Ford, Lincoln Owners Can Get Amazon Packages Delivered to Their Cars

Many of us know that anxious feeling that comes when Amazon texts a notification that it has delivered your package, except you’re nowhere near home at the time to receive it. The mind races: is the package sitting out in plain view for would-be thieves to notice? Will it be destroyed by a passing downpour? Will it even be there by the time I get home?

Amazon has tried various methods to ensure more secure delivery, including enabling drivers to access consumers’ homes directly. Today, the company went a step further when it announced it has partnered with Ford to bring its customers a vehicle-to-vehicle drop-off option called Key by Amazon in-car delivery service.

Eligible Ford and Lincoln owners can now have their Amazon Prime packages delivered to their vehicles parked in publicly accessible areas. In a Medium post, Lorin Kennedy, a FordPass Ecosystem executive, says the service is “a convenient, secure way to ensure your packages are delivered directly to you when you are out for the day.”

Key by Amazon in-car delivery can be used by owners of select Ford 2017 model year and later vehicles equipped with FordPass Connect, and Lincoln 2018 and later model year vehicles that come with Lincoln Connect. To use the service, consumers download the FordPass or Lincoln Way app and create an account activating the car to accept deliveries. The Amazon Key app then enables vehicle-to-vehicle deliveries by linking the consumer’s Amazon Prime account to their FordPass or Lincoln Way accounts.

Consumers receive notifications throughout the delivery process, Kennedy writes, including a head’s up right before delivery takes place and a confirmation that delivery is complete and that their car has been securely locked. Packages can be placed in the vehicle’s trunk to keep them from being displayed openly.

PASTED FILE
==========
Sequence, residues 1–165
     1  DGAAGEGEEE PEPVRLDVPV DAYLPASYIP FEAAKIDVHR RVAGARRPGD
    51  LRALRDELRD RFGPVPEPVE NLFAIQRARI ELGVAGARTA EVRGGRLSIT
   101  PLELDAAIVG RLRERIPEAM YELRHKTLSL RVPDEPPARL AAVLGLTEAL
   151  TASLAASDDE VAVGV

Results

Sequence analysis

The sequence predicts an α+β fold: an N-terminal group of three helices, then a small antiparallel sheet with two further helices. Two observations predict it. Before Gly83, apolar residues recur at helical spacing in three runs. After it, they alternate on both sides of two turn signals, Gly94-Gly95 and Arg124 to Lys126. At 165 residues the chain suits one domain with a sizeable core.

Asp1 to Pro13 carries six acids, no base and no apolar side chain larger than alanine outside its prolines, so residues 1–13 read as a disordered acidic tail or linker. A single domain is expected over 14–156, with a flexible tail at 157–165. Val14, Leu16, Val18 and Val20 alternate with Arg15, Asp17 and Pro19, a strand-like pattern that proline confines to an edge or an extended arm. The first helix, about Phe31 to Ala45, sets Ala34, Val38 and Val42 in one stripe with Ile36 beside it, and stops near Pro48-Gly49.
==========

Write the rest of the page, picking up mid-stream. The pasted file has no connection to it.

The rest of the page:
According to Amazon’s FAQ page about how the service works, in-car delivery has also been available to other supported vehicle models, including “2015 model year or newer Chevrolet, Buick, GMC, Cadillac, and Volvo vehicles with an active connected car service plan such as OnStar or Volvo On Call,” since 2018. Consumers can check their car’s eligibility here. Amazon says in-car delivery is available in more than 50 US cities, including Detroit, Boston, San Francisco, San Diego, Milwaukee, Indianapolis, Denver, Dallas, Seattle, and Charlotte, NC.

Kennedy says that Ford consumers are always in control, so if they change their mind on the day of delivery, they can block access to the car, rerouting the delivery to the building where the car is parked. They can also reschedule delivery for the next day. According to Amazon, in-car delivery is not available for vehicles parked in garages with restricted entry or multi-level or underground garages due to lack of a GPS signal. The service is also not available for certain Amazon Prime items, such as those that weigh more than 50 pounds, those that require a signature, and items fulfilled by third-party sellers.

In Kennedy’s Medium post, she says Key by Amazon is just the beginning of Ford’s vehicle-to-vehicle services planned for the future.

“For example, in addition to Key by Amazon, we’re also working with several different on-demand car wash services through FordPass and Lincoln Way, to give people the option to purchase eco-friendly car washes from Spiffy, Rub A Dub, and Sparkl wherever these services are available,” she writes. Spiffy is finalizing the launch of on-demand car washing for Ford and Lincoln vehicles in Atlanta, Dallas, Los Angeles, and Raleigh and Charlotte, NC. Sparkl recently launched its on-demand service in the Chicago metro area, and Rub A Dub will launch later this year.

As Kennedy points out in her post, the on-demand economy is drawing more than 22.4 million consumers annually and generating $57.6 billion in spending, according to the Harvard Business Review—and those numbers are only expected to grow. It’s not hard to imagine a day in the future when pizza might be delivered to hungry customers stuck in a traffic jam, or a replacement car charger dropped off to a family on a road trip.

“At Ford, we are committed to working with these service providers to bring valuable, convenient options directly to our customer —or at least their car,” Kennedy says.

Sarah Schmid Stevenson is the Custom Content Editor for Xconomy Insight. You can reach her at sschmid@xconomy.com. Follow @Xconomy

Trending on Xconomy